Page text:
Ratings are not credit - and a new agency won't change that
Investors from the developing world should base their risk assessment on their own research and the interest rates in the open market
You can be pretty sure someone is clueless about finance if they start blaming the 2008 crisis on the Big Three credit rating agencies.
Sure, Standard & Poor's, Moody's Investors Service and Fitch Ratings badly blotted their collective copy book by helping Wall Street banks repackage toxic subprime debts as investible securities with topnotch credit ratings.
But the sins of the rating agencies pale into insignificance beside the wrongs committed by central banks, which kept interest rates far too low, governments, which encouraged reckless borrowing, and bank bosses, who threw prudence out of the window and leveraged up in pursuit of profit.
In any case, anyone who paid any attention knew - or should have known - that the agencies' credit ratings were barely worth the paper they were printed on.
Asian investors learned that in 1997, when the agencies signally failed to warn of the rash of defaults that spread across the region following the devaluation of the Thai baht.
And the conflict of interest that renders agency ratings largely worthless should have become clear to the rest of the world in the run-up to the 2008 crisis. In 2007, just seven US corporations carried the coveted AAA top credit rating. Yet in the same year, the agencies managed to award more than 1,000 AAA ratings to complex structured financial products.
More than half of the structured products rated by Moody's carried the top credit rating. It was obvious that most were not merited.
As former junk bond king Michael Milken told a Hong Kong audience in the depths of the financial crisis: "Rating is not credit … you shouldn't invest based on ratings."
Yet many people, including politicians with only a hazy understanding of finance, continue to credit the rating agencies with an importance they don't deserve and powers they simply don't possess.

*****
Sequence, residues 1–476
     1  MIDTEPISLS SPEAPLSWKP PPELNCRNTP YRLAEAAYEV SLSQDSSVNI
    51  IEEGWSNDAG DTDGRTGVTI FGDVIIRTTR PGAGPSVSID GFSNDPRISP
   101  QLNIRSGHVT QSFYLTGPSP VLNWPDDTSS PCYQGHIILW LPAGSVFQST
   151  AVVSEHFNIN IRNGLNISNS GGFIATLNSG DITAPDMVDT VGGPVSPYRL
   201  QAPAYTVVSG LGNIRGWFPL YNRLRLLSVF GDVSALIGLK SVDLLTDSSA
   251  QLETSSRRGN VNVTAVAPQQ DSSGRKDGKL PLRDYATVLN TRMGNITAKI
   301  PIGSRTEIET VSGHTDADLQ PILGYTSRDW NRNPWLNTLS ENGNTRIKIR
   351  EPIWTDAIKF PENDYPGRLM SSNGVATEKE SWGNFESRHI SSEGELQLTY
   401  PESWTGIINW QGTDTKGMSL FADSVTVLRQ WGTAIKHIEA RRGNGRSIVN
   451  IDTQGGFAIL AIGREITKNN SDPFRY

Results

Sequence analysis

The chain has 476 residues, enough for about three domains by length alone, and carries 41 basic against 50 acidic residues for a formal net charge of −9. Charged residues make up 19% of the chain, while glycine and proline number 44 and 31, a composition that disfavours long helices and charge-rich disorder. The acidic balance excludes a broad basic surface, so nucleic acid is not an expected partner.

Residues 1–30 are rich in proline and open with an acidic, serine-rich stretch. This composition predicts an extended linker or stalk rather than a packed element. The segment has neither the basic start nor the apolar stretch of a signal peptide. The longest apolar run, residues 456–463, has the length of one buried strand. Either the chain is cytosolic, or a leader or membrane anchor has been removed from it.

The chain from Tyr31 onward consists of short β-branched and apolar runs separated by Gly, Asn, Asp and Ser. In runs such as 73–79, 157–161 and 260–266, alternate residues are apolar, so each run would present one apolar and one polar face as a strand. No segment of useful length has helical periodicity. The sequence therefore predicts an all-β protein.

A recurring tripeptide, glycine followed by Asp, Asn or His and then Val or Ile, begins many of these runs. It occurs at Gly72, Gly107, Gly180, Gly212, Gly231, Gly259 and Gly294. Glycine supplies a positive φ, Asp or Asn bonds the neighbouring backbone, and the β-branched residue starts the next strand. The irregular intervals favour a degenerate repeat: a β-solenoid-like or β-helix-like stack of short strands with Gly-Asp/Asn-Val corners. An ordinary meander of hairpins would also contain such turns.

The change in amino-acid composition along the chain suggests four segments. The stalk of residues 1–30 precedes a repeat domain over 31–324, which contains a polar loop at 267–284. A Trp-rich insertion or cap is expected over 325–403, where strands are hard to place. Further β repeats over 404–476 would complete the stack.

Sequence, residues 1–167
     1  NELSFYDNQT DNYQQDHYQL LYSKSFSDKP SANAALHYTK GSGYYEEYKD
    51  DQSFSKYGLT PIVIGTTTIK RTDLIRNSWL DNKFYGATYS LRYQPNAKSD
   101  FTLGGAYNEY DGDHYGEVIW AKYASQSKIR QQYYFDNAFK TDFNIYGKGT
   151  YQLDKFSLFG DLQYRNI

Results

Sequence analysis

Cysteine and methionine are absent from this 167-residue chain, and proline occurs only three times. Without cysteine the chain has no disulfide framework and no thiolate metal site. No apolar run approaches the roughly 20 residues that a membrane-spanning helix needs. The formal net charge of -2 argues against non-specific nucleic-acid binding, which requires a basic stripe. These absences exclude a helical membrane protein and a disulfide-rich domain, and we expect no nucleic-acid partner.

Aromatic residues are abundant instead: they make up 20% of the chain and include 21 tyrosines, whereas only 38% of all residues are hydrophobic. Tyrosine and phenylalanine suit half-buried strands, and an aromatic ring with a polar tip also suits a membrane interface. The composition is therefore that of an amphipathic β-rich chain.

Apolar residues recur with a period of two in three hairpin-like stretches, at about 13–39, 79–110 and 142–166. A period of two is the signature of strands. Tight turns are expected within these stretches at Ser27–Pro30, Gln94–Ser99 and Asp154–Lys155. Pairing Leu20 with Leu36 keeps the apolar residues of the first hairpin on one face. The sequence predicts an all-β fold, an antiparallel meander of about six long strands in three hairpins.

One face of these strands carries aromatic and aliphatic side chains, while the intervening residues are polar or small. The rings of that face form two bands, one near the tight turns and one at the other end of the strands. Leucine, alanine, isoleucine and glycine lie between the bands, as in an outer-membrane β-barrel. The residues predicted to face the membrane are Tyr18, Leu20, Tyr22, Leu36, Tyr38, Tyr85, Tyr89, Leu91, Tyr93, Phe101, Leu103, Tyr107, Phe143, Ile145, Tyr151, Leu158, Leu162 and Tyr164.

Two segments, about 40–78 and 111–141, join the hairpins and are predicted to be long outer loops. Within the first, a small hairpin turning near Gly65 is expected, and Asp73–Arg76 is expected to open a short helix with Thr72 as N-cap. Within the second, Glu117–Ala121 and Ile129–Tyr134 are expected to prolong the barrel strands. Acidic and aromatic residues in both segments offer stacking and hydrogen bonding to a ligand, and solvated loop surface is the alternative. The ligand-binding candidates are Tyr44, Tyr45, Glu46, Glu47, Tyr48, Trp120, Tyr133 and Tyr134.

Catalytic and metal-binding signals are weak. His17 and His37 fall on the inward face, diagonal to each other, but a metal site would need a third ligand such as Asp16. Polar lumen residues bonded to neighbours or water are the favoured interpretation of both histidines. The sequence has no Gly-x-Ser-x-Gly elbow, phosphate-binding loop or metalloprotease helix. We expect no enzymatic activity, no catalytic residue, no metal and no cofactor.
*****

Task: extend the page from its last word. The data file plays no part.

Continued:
This tendency is particularly strong in emerging economies, where many prominent figures believe the agencies are part of a Western conspiracy designed to hold back developing-world borrowers by giving them poor ratings, so shutting them out of international capital markets.
The answer, some have concluded, is to set up a new "unbiased" agency to provide the sort of ratings developing-country borrowers deserve.
The result is Hong Kong-based Universal Credit Rating Group, backed by the mainland's biggest agency, Dagong Global Credit Rating (which made a splash in 2010 when it rated China more creditworthy than traditionally AAA-rated borrowers like France).
Yesterday, the chairman of Universal's advisory board, former French prime minister Dominique de Villepin, made an impassioned pitch for the new agency, declaring: "The economic crisis was the beginning of a worldwide revolution - the beginning of the end of Western privilege."
The agency, he reckons, will be one of a suite of new global institutions supporting a new, fairer financial architecture.
By taking into account "cultural factors" that the existing agencies ignore, he expects Universal to award more appropriate ratings to borrowers in countries like Pakistan, allowing them to compete for credit on a level playing field.
"More competition in this area will be good," he declared.
It's a well-meaning idea, but it is wildly misconceived.
Experience has taught us that competition between rating agencies can be dangerous. Because agencies derive their earnings primarily from issuers, not from investors, the most obvious way a newcomer can compete with the established businesses is by awarding risky borrowers higher ratings.
This upward ratings creep will be even more likely for emerging economies where an agency that claims to represent the developing world will come under political pressure to hand out respectable investment-grade ratings even though debt markets are shallow and illiquid.
Big developed-market investors are unlikely to pay much attention. The managers of US$50 billion bond portfolios avoid Pakistani debt because the local market is too small for a prudent allocation to boost their performance by any detectable amount.
But there is a chance that international investors from the developing world might be tempted to take the new agency's ratings seriously. If so, they should recall Milken's advice. And if they want to get a picture of how risky issuers really are, they should ignore agency ratings, do their own research and look carefully at the interest rates they have to pay to borrow on the open market.
Markets do get things wrong, but prices still tend to be a much better indicator of risk than any agency rating, whatever de Villepin might say.